A Reevaluation of the Work of William Beaver in 1968


  • Zach Williams
  • Leslie L. West Hampton University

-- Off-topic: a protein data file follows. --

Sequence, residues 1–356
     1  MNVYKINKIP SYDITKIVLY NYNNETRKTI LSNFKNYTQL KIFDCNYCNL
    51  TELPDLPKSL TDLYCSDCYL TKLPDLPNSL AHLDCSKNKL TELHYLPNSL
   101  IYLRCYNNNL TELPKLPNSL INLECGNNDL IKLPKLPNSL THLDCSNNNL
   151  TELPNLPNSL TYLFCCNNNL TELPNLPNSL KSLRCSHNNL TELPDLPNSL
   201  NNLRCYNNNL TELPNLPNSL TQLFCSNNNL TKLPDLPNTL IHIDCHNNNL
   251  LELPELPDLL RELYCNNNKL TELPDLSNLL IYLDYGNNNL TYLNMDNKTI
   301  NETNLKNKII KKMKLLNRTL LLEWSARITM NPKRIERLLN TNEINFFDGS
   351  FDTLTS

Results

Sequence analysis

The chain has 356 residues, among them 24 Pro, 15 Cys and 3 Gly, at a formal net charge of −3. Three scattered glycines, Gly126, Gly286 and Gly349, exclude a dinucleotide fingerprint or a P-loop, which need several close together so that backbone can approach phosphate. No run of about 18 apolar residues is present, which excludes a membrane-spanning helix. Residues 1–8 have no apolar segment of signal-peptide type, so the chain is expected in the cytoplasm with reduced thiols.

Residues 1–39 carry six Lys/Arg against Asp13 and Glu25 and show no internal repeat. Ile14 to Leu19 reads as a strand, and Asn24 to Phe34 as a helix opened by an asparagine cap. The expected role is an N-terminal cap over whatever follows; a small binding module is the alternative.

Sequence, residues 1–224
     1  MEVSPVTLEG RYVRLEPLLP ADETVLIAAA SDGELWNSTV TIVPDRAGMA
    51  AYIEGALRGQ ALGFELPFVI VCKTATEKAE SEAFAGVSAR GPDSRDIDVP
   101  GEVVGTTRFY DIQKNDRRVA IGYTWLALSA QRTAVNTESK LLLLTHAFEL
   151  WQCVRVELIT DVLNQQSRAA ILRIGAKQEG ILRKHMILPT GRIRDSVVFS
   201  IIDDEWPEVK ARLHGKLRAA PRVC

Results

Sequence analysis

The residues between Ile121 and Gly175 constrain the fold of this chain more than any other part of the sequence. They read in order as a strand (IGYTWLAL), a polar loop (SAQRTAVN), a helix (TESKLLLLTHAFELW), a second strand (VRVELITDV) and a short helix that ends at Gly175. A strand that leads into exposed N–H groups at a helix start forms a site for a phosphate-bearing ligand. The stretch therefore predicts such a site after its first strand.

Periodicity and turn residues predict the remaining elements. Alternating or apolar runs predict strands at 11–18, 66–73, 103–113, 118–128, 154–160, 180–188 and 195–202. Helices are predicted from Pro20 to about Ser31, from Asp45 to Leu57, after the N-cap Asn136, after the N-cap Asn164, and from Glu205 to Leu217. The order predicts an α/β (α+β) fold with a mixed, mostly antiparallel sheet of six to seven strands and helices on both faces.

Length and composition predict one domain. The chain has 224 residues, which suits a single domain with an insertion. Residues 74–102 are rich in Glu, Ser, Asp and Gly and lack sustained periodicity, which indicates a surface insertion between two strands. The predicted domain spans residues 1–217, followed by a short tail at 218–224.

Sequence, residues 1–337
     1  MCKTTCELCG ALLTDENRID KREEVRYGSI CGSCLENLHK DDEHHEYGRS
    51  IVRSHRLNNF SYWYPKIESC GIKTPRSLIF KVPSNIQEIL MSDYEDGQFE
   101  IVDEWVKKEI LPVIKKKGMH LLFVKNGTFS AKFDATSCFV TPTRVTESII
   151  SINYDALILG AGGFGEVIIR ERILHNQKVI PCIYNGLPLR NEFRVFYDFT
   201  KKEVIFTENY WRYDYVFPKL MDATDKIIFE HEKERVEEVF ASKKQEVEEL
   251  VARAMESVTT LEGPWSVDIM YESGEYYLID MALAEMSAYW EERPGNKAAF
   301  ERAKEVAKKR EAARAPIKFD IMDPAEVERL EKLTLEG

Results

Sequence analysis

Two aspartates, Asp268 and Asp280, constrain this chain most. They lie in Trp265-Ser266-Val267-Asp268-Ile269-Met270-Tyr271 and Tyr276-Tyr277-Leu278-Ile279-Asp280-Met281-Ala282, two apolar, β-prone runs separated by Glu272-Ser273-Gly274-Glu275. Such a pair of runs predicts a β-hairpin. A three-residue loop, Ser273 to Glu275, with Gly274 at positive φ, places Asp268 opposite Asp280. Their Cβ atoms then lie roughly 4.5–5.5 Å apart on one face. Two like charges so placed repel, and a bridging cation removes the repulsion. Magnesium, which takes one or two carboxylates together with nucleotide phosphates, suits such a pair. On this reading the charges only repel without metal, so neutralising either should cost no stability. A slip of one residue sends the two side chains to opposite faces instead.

This study evaluates the pivotal work of Beaver (1968) that demonstrated the value and timeliness of financial statements. This paper discusses the original study by Beaver (1968), assesses the literature in the field since 1968, and conducts a study that fills three important gaps in the research area of information content of financial statements. The key test is an analysis of variance (ANOVA) test that compares the trading volume of a firm 30 days prior to an earnings announcement with the trading volume of that firm for 10 days after the announcement. This study concludes that between 61.81% and 64.85% of all firms report financial information that is both timely and valuable. The first research gap that this study fills is the need for ongoing testing of the information content of financial statements as the financial markets and the field of accounting are constantly evolving. This study fills a second gap in the research by explaining variance in the post-announcement drift of individual firms. This study fills a third gap in the literature by providing a percentage estimate of all firms that provide timely and valuable information content. This third contribution may prove to be useful to future research as this classification of firms could be used as a platform to define the characteristics of individual firms that do or do not report financial information that is both timely and valuable.